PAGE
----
HC Deb 10 May 1994 vol 243 cc147-9
11. Mr. Mackinlay

To ask the Secretary of State for Defence what assessment he has made as regards Britain's capacity to meet her own defence needs and her political obligations and military contributions to international peacekeeping.

Mr. Rifkind

The Government are confident that our armed forces are fully able to carry out the broad range of operations that they currently undertake.

Mr. Mackinlay

Did the Secretary of State notice that, during the poorly reported Army debate last week, Conservative Back Bencher after Conservative Back Bencher spoke about the crisis of morale among our service men and service women and their concern about the arbitrary withdrawal of units? Is there not a need, demonstrated by his own colleagues, for a fundamental review of our armed services to match commitments with resources?

Mr. Rifkind

What I noticed about the Army debate last week was that, so unconcerned are the massed ranks of the Labour party in the interests of the Army, hardly a single Labour Member graced the Opposition Benches. I am also conscious that the Labour party can hardly speak with authority about those matters when the European socialist manifesto, personally signed by the Leader of the Opposition, calls for further reductions in the fighting capability of our armed forces.

Mr. Churchill

Will my right hon. and learned Friend find time to sit down and reflect on whether it is appropriate that millions of hours of military and civilian officials' time and many more millions of pounds are being squandered in this ghastly Treasury-driven "Front Line First" exercise? Is my right hon. and learned Friend aware that his time and that of his Ministers, his officials and the military brass would be better devoted to ensuring that our forces in the front line have the equipment that they require? Specifically, is not it unsatisfactory and unacceptable that British military aircraft should be sent into combat over Bosnia without the means of self-protection against missiles, which could be provided for a fraction of what has been spent by his Department on management consultants in recent years?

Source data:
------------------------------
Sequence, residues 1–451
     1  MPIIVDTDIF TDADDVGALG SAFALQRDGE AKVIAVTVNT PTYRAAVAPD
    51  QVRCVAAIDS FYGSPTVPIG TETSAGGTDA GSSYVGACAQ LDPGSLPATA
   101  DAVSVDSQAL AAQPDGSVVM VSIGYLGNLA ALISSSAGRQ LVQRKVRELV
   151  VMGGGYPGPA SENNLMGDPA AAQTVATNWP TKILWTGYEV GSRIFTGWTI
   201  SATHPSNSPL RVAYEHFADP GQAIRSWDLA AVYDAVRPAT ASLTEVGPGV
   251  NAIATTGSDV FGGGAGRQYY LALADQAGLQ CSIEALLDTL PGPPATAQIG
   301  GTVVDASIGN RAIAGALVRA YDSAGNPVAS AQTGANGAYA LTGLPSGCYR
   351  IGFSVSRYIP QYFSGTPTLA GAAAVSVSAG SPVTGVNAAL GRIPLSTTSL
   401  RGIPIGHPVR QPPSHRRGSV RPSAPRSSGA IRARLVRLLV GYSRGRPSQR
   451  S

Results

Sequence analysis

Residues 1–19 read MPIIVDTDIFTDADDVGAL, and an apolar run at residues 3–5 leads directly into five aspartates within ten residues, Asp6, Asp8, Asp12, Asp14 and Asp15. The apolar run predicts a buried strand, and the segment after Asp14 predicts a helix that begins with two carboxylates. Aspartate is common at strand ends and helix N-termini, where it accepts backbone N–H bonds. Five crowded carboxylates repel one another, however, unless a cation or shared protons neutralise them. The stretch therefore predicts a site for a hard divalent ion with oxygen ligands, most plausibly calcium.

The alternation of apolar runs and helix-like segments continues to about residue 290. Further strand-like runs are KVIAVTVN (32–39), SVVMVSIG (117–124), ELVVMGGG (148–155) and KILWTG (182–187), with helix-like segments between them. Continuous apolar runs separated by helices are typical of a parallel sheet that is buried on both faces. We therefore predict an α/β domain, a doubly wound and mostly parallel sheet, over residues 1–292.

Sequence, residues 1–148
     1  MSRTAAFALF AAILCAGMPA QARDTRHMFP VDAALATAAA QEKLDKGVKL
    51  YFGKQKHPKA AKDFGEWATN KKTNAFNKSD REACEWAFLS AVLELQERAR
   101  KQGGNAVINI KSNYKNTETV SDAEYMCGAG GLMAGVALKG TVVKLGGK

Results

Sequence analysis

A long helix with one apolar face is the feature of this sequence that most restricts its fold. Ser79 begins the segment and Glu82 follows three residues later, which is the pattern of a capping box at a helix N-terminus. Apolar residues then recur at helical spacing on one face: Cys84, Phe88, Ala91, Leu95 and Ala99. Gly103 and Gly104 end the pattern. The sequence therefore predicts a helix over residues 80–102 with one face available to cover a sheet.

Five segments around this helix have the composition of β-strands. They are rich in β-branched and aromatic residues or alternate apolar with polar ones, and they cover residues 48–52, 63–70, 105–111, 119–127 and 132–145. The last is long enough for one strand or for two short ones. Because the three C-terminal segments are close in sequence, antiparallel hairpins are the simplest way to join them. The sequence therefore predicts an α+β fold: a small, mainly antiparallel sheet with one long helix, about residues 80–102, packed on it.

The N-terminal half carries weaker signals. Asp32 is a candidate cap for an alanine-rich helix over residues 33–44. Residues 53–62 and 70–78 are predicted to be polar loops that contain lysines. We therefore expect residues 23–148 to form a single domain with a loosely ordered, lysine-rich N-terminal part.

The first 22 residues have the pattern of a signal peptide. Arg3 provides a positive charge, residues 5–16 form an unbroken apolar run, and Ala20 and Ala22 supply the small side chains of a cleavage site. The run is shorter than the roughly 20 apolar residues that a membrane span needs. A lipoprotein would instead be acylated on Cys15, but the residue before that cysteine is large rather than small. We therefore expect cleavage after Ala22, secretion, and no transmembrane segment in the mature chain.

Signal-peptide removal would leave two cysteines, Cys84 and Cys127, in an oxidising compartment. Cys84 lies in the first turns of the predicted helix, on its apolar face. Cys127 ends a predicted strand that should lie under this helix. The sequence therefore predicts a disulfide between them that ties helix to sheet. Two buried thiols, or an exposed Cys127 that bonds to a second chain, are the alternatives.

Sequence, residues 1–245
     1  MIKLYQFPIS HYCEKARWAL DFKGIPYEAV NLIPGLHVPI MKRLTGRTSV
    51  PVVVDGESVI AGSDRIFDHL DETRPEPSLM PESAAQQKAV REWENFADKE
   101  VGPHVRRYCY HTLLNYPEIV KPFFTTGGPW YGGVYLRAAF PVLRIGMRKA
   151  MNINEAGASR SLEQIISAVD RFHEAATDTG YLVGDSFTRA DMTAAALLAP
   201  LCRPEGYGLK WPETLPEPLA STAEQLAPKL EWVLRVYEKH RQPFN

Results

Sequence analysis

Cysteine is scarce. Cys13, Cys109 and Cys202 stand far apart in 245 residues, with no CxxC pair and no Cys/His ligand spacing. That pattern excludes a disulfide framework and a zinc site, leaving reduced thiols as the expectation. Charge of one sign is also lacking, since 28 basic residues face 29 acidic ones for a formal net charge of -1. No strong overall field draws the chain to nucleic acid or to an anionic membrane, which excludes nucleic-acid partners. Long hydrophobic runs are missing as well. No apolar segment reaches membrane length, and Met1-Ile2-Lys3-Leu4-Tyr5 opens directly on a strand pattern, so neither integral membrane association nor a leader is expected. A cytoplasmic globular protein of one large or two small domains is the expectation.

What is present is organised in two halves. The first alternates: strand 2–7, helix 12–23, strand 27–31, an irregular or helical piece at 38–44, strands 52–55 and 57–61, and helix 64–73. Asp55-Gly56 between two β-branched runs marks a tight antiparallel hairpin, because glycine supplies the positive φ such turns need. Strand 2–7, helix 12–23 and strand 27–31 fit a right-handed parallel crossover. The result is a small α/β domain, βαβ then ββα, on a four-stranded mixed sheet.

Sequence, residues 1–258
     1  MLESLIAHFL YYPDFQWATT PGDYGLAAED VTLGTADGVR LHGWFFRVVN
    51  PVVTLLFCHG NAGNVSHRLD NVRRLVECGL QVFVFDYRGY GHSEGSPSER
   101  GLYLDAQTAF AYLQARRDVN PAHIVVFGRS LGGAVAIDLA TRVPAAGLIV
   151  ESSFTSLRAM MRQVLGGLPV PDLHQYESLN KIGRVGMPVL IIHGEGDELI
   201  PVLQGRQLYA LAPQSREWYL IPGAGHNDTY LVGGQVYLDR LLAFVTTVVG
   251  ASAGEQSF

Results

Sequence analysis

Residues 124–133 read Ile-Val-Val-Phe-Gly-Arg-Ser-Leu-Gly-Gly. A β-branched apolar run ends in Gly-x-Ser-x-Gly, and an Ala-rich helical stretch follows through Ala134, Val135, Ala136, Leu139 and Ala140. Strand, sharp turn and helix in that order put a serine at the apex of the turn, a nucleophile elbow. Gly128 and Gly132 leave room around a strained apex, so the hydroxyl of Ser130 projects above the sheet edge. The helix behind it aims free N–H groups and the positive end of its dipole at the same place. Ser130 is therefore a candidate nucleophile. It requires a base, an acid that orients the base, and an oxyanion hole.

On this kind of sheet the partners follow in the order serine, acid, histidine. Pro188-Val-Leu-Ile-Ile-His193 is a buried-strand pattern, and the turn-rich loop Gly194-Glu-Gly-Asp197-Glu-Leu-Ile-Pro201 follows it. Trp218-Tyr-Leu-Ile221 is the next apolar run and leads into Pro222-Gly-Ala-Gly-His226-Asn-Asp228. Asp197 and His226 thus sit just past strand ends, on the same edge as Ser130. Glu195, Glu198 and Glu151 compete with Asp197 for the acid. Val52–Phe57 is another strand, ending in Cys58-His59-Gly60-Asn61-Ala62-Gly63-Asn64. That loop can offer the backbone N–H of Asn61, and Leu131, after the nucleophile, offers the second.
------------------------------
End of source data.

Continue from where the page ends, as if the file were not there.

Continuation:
Mr. Rifkind

The second part of my hon. Friend's question was totally inconsistent and incompatible with the first part of his question. The whole point of the "Front Line First" study is to ensure—as I am sure my hon. Friend would wish—that resources within the Ministry of Defence are concentrated on the needs of the front line of our fighting forces in a way that I believe that my hon. Friend will applaud fully.

Mr. Home Robertson

While the Minister is seeking advice on those matters, is he absolutely satisfied that it is appropriate for him to be recruiting into his Department as a civil servant someone who has recently been a high-profile party politician in the city of Edinburgh?

Mr. Rifkind

As the hon. Gentleman is well aware, anyone who applies to the civil service for employment is assessed against exactly the same criteria, irrespective of his or her personal or political background.

Mr. Menzies Campbell

Does the Secretary of State accept that, increasingly, the defence needs of the United Kingdom will be met by closer co-operation with our European allies? In that respect, may I congratulate him on his frankness yesterday, particularly in the rather febrile atmosphere of the moment, in acknowledging that a common defence policy was an inevitable consequence of the Maastricht treaty and that a common defence policy will be a key subject for discussion at the intergovernmental conference of 1996?

Mr. Rifkind

If the hon. and learned Gentleman had fully acquainted himself with the facts, as he normally does, he would appreciate that yesterday the United Kingdom successfully insisted on ensuring that any development of European co-operation should happen within the framework of the Atlantic alliance. Any proposal for closer European co-operation that undermined that alliance would be unacceptable to Her Majesty's Government both now and in the future.

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